“Max is a special cat,” says Katie Barnes of the orange tabby she adopted from Pet Helpers
. “He is large (big-boned, not fat) and in charge and makes his presence known. He brings so much joy to our lives just by being his goofy self. Also, he fetches better than most dogs. We dote on him like the crazy cat parents we are, and it shows.” Need proof? On their wedding day last summer, facsimilies of Max made cameos right and left at Katie and her now-husband Scott’s otherwise elegant wedding at The William Aiken House
. Knowing that cats are not amenable to crowds or flower collars, and that, as such, a feline ring bearer was not meant to be, Katie came up with the idea of incorporating a pillow of his face instead, along with a life-sized cardboard cutout version of him. “Max is an integral part of our little family and we couldn’t imagine him not being present on our Big Day.” Got a critter you need to include, too?
Do: Be practical. While dogs and even small pet pigs (we’ve seen ’em) can be at home at a wedding, other pets—cats and ferrets (seen those, too), for instance—don’t do well with crowds and parties. If your animal isn’t up to it, don’t force inclusion.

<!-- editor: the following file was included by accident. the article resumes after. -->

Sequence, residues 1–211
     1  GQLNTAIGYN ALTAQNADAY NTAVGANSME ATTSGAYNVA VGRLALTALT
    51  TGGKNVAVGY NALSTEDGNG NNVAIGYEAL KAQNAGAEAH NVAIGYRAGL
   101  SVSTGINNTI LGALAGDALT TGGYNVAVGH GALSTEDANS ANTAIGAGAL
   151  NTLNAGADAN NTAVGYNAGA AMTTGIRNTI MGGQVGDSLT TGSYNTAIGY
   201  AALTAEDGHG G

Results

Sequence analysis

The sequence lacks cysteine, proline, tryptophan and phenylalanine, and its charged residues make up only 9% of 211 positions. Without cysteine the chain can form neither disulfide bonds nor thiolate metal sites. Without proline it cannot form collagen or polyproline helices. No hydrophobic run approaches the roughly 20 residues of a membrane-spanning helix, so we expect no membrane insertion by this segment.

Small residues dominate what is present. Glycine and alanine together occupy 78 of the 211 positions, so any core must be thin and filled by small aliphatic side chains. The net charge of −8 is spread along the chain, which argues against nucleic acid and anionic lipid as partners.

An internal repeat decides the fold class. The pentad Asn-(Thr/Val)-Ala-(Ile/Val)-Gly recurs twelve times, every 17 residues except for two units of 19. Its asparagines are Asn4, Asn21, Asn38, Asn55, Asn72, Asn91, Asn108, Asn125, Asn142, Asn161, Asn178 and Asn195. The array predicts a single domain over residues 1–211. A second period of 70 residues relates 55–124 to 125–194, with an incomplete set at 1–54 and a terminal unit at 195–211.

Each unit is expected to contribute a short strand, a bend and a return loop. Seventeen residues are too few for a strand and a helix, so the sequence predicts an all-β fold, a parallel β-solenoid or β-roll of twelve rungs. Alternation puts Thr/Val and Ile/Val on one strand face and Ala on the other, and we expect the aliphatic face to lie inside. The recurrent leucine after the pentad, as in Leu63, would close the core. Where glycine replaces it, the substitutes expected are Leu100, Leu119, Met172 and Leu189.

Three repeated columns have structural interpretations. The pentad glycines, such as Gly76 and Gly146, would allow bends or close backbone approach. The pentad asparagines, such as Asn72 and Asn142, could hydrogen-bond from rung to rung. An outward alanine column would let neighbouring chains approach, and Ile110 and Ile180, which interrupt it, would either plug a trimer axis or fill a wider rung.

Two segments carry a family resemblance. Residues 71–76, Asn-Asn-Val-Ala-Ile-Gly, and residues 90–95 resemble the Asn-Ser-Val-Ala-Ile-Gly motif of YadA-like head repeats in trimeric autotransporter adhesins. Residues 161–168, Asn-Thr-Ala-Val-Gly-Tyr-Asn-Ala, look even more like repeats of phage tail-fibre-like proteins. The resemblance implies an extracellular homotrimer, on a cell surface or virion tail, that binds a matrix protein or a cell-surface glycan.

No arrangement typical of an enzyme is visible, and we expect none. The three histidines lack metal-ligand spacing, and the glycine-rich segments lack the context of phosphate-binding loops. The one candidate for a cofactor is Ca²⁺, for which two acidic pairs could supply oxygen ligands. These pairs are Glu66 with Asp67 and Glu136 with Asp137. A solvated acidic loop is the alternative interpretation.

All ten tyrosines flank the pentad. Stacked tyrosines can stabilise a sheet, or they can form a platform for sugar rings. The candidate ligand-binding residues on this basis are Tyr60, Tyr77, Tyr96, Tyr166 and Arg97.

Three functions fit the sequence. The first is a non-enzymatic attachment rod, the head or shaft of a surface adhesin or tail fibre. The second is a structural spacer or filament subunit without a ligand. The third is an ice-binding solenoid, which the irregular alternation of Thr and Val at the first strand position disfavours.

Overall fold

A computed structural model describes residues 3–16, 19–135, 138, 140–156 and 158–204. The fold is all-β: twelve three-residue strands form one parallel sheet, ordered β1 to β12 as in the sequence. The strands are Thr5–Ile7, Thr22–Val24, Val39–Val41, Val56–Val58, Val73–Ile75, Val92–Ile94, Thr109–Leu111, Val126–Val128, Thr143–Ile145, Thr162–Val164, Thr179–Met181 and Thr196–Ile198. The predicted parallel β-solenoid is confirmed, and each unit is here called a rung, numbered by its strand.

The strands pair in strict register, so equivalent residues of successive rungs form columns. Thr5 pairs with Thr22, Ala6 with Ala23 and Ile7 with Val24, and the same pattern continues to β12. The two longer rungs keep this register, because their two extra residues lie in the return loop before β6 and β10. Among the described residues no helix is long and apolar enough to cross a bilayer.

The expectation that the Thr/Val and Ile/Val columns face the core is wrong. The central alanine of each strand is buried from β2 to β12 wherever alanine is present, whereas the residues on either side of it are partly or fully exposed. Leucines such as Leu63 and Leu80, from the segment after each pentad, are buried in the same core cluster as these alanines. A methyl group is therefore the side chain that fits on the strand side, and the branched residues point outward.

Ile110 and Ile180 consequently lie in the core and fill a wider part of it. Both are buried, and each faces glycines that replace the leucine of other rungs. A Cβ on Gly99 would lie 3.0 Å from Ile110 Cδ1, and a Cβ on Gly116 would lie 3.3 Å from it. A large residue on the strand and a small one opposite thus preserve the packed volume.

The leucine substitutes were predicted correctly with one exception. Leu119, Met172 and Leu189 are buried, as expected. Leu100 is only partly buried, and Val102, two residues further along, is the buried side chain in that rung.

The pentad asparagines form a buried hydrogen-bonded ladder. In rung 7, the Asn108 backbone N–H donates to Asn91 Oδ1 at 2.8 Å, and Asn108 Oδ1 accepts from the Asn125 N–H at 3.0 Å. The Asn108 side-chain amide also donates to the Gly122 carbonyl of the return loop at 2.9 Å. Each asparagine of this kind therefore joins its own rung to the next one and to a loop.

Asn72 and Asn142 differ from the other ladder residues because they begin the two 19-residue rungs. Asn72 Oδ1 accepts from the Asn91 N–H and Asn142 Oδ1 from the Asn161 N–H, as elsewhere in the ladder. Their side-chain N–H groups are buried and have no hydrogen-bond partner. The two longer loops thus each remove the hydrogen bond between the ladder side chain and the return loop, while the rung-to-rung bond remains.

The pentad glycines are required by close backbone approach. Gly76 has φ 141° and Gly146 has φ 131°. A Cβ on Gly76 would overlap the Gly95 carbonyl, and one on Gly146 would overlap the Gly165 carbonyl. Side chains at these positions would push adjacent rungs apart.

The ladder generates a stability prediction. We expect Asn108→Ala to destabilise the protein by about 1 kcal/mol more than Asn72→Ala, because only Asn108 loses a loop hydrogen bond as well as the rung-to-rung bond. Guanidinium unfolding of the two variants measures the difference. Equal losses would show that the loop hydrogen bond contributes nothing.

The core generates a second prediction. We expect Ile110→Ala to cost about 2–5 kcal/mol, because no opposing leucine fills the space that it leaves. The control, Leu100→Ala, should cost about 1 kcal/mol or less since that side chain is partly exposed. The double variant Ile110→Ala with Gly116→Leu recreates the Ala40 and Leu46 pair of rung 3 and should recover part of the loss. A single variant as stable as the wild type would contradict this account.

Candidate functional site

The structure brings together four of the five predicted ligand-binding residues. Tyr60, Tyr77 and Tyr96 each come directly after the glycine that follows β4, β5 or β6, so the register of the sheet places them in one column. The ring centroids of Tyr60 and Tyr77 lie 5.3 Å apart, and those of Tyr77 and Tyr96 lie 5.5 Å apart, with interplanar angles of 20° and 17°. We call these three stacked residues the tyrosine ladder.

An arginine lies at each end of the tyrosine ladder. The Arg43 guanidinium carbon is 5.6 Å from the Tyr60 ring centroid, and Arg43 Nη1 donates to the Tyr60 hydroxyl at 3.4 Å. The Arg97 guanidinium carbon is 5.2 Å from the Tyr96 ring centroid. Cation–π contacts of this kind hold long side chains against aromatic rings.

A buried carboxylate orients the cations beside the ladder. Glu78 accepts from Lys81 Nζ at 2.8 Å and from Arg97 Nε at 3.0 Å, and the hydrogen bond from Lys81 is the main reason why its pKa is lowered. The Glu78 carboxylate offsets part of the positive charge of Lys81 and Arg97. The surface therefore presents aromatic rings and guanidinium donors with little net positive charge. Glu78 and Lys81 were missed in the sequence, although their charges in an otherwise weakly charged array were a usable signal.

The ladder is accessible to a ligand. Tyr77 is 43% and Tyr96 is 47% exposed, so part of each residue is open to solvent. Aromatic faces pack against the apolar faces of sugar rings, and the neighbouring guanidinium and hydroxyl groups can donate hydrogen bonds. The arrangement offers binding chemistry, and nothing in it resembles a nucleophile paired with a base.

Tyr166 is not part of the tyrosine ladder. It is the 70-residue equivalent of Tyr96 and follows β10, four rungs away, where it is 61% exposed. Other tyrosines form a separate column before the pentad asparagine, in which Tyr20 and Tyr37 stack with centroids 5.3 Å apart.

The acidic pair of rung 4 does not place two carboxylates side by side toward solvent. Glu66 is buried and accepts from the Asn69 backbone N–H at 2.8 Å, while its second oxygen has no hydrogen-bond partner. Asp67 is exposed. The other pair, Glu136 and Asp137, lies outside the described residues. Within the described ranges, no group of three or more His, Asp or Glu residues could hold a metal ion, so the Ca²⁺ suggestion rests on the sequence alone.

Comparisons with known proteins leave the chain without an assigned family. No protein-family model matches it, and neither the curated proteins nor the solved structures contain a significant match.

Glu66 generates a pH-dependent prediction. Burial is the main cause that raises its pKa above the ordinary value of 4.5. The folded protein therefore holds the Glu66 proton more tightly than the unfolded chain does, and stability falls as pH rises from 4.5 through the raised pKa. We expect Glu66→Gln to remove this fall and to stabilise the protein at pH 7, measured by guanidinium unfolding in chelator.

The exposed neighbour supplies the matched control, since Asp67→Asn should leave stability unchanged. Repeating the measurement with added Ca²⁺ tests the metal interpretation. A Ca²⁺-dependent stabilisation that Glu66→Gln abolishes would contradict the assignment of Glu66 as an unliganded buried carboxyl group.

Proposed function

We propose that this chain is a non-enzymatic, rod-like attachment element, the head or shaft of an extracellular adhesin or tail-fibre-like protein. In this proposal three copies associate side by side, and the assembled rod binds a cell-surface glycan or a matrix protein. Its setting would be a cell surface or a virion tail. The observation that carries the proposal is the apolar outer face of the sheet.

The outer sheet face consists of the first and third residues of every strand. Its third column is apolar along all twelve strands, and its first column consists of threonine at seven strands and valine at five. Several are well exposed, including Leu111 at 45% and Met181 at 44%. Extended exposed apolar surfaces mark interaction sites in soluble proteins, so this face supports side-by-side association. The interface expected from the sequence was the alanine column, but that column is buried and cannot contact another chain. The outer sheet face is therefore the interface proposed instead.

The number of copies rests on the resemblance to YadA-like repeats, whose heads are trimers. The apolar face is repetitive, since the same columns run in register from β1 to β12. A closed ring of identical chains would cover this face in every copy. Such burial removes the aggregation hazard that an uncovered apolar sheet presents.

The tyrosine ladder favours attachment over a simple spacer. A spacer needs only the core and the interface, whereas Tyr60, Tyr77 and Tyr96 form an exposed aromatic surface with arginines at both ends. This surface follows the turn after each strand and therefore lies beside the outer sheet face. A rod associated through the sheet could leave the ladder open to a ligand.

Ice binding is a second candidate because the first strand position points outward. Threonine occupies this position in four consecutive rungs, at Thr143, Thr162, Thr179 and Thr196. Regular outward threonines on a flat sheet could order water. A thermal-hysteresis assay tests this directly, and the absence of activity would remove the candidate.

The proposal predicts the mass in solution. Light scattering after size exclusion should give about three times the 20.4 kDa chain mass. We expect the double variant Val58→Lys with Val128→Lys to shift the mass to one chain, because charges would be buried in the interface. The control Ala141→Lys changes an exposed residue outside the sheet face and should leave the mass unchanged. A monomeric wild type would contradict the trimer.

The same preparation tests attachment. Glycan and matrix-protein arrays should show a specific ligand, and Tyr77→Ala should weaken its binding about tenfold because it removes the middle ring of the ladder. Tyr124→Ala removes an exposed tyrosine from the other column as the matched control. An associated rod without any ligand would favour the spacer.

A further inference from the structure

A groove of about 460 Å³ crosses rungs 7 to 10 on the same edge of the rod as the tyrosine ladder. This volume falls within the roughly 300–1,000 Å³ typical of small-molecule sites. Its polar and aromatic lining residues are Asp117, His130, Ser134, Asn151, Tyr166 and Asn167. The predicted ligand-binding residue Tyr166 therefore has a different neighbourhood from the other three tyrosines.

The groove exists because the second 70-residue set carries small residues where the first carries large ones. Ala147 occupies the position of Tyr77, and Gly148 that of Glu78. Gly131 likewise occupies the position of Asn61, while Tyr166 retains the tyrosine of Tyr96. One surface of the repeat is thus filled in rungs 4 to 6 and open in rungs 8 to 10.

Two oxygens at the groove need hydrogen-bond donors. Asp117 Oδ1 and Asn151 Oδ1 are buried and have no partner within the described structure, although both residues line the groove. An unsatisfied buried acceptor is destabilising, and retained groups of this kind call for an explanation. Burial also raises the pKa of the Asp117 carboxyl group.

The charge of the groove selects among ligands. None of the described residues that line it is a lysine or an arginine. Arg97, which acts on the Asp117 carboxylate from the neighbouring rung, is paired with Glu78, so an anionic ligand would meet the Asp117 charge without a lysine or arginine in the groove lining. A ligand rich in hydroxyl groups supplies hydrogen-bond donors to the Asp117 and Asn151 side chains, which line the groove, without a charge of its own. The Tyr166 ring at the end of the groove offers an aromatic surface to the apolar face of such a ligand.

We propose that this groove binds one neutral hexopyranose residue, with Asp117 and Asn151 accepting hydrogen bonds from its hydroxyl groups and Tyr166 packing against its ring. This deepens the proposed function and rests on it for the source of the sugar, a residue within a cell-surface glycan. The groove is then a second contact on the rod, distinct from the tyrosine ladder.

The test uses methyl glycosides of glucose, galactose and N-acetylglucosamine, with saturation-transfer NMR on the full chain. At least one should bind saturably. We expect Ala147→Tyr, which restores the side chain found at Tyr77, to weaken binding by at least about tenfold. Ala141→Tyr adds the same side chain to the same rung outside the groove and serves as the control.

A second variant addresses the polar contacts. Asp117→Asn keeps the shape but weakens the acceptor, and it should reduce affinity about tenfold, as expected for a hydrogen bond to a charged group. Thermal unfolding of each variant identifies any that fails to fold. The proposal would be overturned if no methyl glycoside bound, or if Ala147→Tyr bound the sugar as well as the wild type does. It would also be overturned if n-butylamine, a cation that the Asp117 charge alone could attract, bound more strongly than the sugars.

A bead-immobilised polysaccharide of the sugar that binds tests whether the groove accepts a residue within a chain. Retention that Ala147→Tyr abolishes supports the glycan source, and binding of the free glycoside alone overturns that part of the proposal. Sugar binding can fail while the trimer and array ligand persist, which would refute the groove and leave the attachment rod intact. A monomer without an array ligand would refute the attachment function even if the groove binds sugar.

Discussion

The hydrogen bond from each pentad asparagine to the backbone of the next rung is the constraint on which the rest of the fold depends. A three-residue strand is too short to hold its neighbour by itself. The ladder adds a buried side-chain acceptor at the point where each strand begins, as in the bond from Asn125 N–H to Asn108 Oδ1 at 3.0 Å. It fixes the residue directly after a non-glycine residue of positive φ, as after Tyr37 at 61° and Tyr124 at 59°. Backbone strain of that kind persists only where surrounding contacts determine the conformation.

Find a stand-in. Max the cat showed up via cutouts
. Other options? Work your fur-baby into a crest, the invitations, or other papergoods; include them in a custom cake topper; or display their photo with other family snapshots.
Get a handler on things. Pet nannies like Dog Tired
pet sit your four-legged friend on your Big Day, on-site or remotely, or both. Another option? Assign a family member, someone from the wedding party, or other guests to do the honors. (Keep all pets super-hydrated—and consequently well-walked—during the dog days of summer.)
Do: Have them smile for the camera. Invite Fido or Felix to join you for your couple’s portraits, before or after the ceremony.